Eleuterio Payan Jaquez v. Loretta Lynch
PUBLISHED AUTHORED OPINION filed. Originating case number: A042-212-673. . [16-1147]
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UNITED STATES COURT OF APPEALS
FOR THE FOURTH CIRCUIT
ELEUTERIO PAYAN JAQUEZ, a/k/a Eleuterio Payan,
JEFFERSON B. SESSIONS III, Attorney General,
On Petition for Review of an Order of the Board of Immigration Appeals.
Argued: March 21, 2017
Decided: June 8, 2017
Before GREGORY, Chief Judge, and WYNN and HARRIS, Circuit Judges.
Petition for review denied by published opinion. Chief Judge Gregory wrote the opinion,
in which Judge Wynn and Judge Harris joined.
ARGUED: Alfred Lincoln Robertson, Jr., ROBERTSON LAW OFFICE, PLLC,
Alexandria, Virginia, for Petitioner. Gregory Michael Kelch, UNITED STATES
DEPARTMENT OF JUSTICE, Washington, D.C., for Respondent. ON BRIEF:
Benjamin C. Mizer, Principal Deputy Assistant Attorney General, Linda S. Wernery,
Assistant Director, Office of Immigration Litigation, UNITED STATES DEPARTMENT
OF JUSTICE, Washington, D.C., for Respondent.
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GREGORY, Chief Judge:
Eleuterio Payan Jaquez, a citizen and native of Mexico, petitions for review of a
Board of Immigration Appeals (“BIA”) order affirming an Immigration Judge’s (“IJ”)
decision finding him ineligible for cancellation of removal pursuant to 8 U.S.C.
§ 1229b(b)(1)(C). Payan Jaquez contends that the BIA erred in determining that his 2005
criminal proceedings under Virginia Code § 18.2-251 for possession of cocaine
constituted a “conviction” as defined in 8 U.S.C. § 1101(a)(48)(A). Because Payan
Jaquez’s 2005 proceedings fall squarely within the plain text of § 1101(a)(48)(A), we
deny the petition for review.
On June 6, 1989, Payan Jaquez was lawfully admitted to the United States as a
conditional permanent resident based on his marriage to a United States citizen, Carol
Trevino. Conditional permanent residents must petition to remove the conditions on their
residency within ninety days of the second anniversary of their lawful admission, but
Payan Jaquez failed to do so and his legal status terminated in 1991. 8 U.S.C. § 1186a.
He filed a petition in 2006, but it was denied.
Payan Jaquez separated from Ms. Trevino in 1989 and their divorce was finalized
in 2004. He married another United States citizen, Sheila Johns, in 2005. They had two
children together, born in 1993 and 1997, one of whom suffers from autism, ADHD,
mental retardation, seizure disorder, and cerebral palsy. Payan Jaquez had a third United
States citizen child with Elsa Monty Retina in 2009.
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Payan Jaquez was charged with possession of cocaine in December 2004, in
violation of Virginia Code § 18.2-250.
On May 23, 2005, he pled guilty in
Charlottesville Circuit Court to the possession charge. The judge found that Payan
Jaquez made the plea freely, voluntarily, and intelligently. He accepted Payan Jaquez’s
guilty plea and continued the case for sentencing.
On November 3, 2005, the judge sentenced Payan Jaquez pursuant to Virginia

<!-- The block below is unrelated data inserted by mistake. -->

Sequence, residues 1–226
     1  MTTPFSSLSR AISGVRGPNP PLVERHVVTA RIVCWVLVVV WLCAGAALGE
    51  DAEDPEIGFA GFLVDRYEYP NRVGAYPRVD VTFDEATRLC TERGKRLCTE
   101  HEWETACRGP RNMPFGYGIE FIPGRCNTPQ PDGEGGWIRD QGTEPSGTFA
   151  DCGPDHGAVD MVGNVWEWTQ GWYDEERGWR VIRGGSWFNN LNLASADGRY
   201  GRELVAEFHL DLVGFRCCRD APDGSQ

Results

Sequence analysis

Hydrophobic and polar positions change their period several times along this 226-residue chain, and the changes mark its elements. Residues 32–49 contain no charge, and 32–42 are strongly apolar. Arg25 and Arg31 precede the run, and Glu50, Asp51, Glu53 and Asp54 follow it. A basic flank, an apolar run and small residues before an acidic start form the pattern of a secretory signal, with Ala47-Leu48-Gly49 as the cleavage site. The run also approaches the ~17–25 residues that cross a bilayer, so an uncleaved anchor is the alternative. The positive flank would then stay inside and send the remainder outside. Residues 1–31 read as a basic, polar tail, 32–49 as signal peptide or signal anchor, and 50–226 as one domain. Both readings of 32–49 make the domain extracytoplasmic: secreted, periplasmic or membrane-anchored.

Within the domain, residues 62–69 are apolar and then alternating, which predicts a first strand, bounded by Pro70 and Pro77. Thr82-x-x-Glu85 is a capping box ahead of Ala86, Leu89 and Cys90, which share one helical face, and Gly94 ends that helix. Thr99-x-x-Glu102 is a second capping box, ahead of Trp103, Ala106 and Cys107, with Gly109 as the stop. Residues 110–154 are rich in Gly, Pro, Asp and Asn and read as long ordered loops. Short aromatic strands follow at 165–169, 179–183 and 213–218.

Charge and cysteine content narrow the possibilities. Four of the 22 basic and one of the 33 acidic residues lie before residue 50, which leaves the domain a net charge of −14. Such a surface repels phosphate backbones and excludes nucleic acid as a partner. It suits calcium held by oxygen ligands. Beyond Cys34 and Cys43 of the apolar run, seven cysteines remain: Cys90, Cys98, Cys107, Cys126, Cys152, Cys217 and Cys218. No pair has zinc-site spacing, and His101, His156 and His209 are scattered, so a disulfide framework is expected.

Code § 18.2-251, which applies to first-time offenders. The judge vacated the finding of
guilt and deferred adjudication, placing Payan Jaquez on probation for twelve months
under conditions including good behavior, full-time employment, and abstention from
alcohol and drugs. On December 18, 2007, upon Payan Jaquez’s successful completion
of the probationary period, the judge dismissed the cocaine charge pursuant to § 18.2251.
The Department of Homeland Security (“DHS”) issued a Notice to Appear to
Payan Jaquez on June 6, 2008. The notice alleged that Payan Jaquez was removable
because he failed to request removal of the conditional basis for his permanent residence
by December 17, 1991 and due to his 2005 cocaine conviction. At a hearing before the
IJ, Payan Jaquez admitted both grounds for removal.
In 2009, Payan Jaquez filed an application for cancellation of removal. In support
of his application, he cited his continuous physical presence in the United States for more
than ten years. He also indicated that his removal would result in extreme hardship for
his United States citizen child who suffers from numerous medical conditions.
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In 2014, DHS filed a motion to pretermit Payan Jaquez’s cancellation of removal
application. DHS argued that his cocaine conviction precluded him from relief because
applicants are ineligible for cancellation if they have been convicted of certain offenses.
Payan Jaquez opposed the motion on the grounds that he had not been “convicted,” as the
term is defined in § 1101(a)(48)(A), because he did not meet the requisite elements: a
sufficient finding of guilt and imposition of some form of punishment.
The IJ issued a written opinion, finding that Payan Jaquez’s conviction rendered
him ineligible for cancellation of removal under § 1229b(b)(1)(C). The IJ concluded that
Payan Jaquez’s 2005 criminal proceedings qualified as a conviction in which
adjudication was deferred because Payan Jaquez pled guilty and was placed on probation.
The IJ found Payan Jaquez removable under 8 U.S.C. § 1227 and ineligible for
cancellation of removal, but granted him the ability to voluntarily depart within sixty
Payan Jaquez appealed the decision to the BIA, and the BIA issued an opinion
dismissing the appeal. The BIA agreed with the IJ that the conviction was valid for
immigration purposes. Payan Jaquez pled guilty and the judge vacated the finding of
guilt “pursuant to the state rehabilitative statute.” J.A. 15. The BIA also found that
“probation is a form of punishment, penalty, or restraint on an alien’s liberty,” as required
by § 1101(a)(48)(A). Id. (citing Matter of Punu, 22 I. & N. Dec. 224, 228 (BIA 1998)).
Thus, the BIA affirmed the IJ’s decision, but remanded because the IJ failed to provide
Payan Jaquez with certain advisals regarding voluntary departure as 8 C.F.R.
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§ 1240.26(c)(3) commands. On remand, the IJ was to provide those advisals and enter a
new voluntary departure order.
Payan Jaquez timely petitioned for review of the BIA’s order to this Court.
We generally lack jurisdiction to review orders of removal when an alien is